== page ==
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From Domesday Book to Lay Subsidy Rolls: place-names as informants of linguistic change.

English place-names have frequently been used in recent decades by researchers in different historical fields. In the case of the study of linguistic evolution, the publication in 1913 of Eilert Ekwall's innovative article "Die Ortsnamenforschung cin Hilfsmittel fur das Studium der englischen Sprachgeschichte" opened up a new branch of investigation that has been especially fruitful. However, the differing interpretations of this type of evidence for the reconstruction of Old and Middle English dialects that have been proposed since the publication of the above mentioned article provide a clear illustration of the problematical nature of this material.

In spite of this, it is clear that the onomastic evidence must not be categorically excluded from the materials used by the linguist engaged in the painstaking task of reconstructing the linguistic features of Old and Middle English. Given the unreliability of other types of evidence (such as literary records), place-names should be regarded as the most reliable source available to us of the phonemic reality of previous periods in the history of the language; furthermore, Old and Middle English phonemes reconstructed through the study of onomastic material tend to show regular patterns of geographical spread, while the diffusion of the written forms recorded by the scribes in their copies of literary texts is usually subject to social and cultural processes. (1)

Taking J. Fisiak's (1984, 1985, 1990) and G. Kristensson's (1967, 1986) previous works on Domesday Book (1086) (hereinafter: DB) and thirteenth and fourteenth century Lay Subsidy Rolls (hereinafter LSR) as my model, I am proposing a diachronic approach to the onomastic material recorded in these documents, which accounts for some of the numerous phonological changes experienced by the English language in the period immediately after the Norman Conquest of 1066. Both documents have proven extremely useful for the historical dialectologist in recent times and, in spite of the methodological differences in the treatment of the place-names recorded in each one of them, I would like to focus on their complementary character as informants of processes of linguistic change in early Middle English.

In this paper, I am going to focus on the phonetic process traditionally known as second fronting and its significance for the study of the early Middle English dialect of the South West Midlands. According to classical accounts on this change, the palatalization of West Germanic a into OE ae and its later development into e took place in the dialects spoken in the Mercian dialects of the West Midland area and in Kentish. However, the quality of this sound, which is usually represented by the grapheme <e> in the Vespasian Psalter and other Mercian texts, was slightly different from the one derived from Germanic e, as can be seen from the subsequent levelling of West-Saxon ae and Mercian e (from West Germanic a) during the twelfth century (Campbell 1959: 62-64).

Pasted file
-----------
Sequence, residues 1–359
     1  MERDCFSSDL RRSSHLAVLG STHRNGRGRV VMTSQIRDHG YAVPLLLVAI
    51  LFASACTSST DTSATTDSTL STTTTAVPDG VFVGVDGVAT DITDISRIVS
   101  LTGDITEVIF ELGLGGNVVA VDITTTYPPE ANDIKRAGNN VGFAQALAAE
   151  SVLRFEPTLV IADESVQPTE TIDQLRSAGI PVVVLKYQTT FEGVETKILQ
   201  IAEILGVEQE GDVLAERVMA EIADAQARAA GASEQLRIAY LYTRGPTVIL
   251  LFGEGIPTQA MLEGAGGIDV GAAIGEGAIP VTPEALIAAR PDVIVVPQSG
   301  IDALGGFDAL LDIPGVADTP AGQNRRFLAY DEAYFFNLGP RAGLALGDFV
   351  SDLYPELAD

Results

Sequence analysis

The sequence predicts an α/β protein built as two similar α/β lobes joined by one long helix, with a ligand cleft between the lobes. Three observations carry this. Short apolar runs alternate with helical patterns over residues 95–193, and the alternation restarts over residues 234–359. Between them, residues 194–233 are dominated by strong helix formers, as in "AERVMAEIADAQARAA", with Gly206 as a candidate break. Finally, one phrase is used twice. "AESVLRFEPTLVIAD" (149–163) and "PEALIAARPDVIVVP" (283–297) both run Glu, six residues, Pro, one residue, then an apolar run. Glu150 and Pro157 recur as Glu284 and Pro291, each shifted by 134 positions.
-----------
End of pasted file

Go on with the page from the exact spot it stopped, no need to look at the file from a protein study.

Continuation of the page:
Early Middle English texts produced in the South-West Midlands in the years immediately after the beginning of the thirteenth century show a great deal of inconsistency in their use of the spellings <ae>, <a> (both for West-Saxon ae) and <e> (rendering Mercian e) in this group of words. As I have pointed out elsewhere (Diaz 1994: 450 and Appendix B), the distribution of the three spellings corresponds to the following patterns:

(a) Copies of West-Saxon documentary and literary texts produced in the South-West Midlands between 1200 and 1300 show high degrees of retention of <ae>. Scribes systematically use <e> only when dealing with copies of Old Mercian texts (such as St Chad), or when consciously holding on to the orthographic tradition of their own region, as in the case of the famous "Worcester tremulous hand" of the early thirteenth century (Franzen 1991).

(b) However, contemporary copies of literary texts produced in this same region show a prevalence of the grapheme <e>, being the copyist of the Caligula manuscript of Lazamon the only one who alternates this spelling with <ae>; further, the double graph <eo> is sporadically found in the group of texts copied in the AB-language. (2)

(c) The use of <a> is exclusive to the manuscripts copied by the end of the thirteenth century, and is especially frequent in translations of West-Saxon charters into Middle English.

It is thus clear that literary and documentary records cannot account for the geographical distribution of the QE phonemes /ae/ and /e/ and their evolution in early Middle English. How can the onomastic material recorded in DB and other medieval tax-rolls help us to ellucidate the phonemic reality of the dialects of late Old and early Middle English spoken in the South-West Midlands?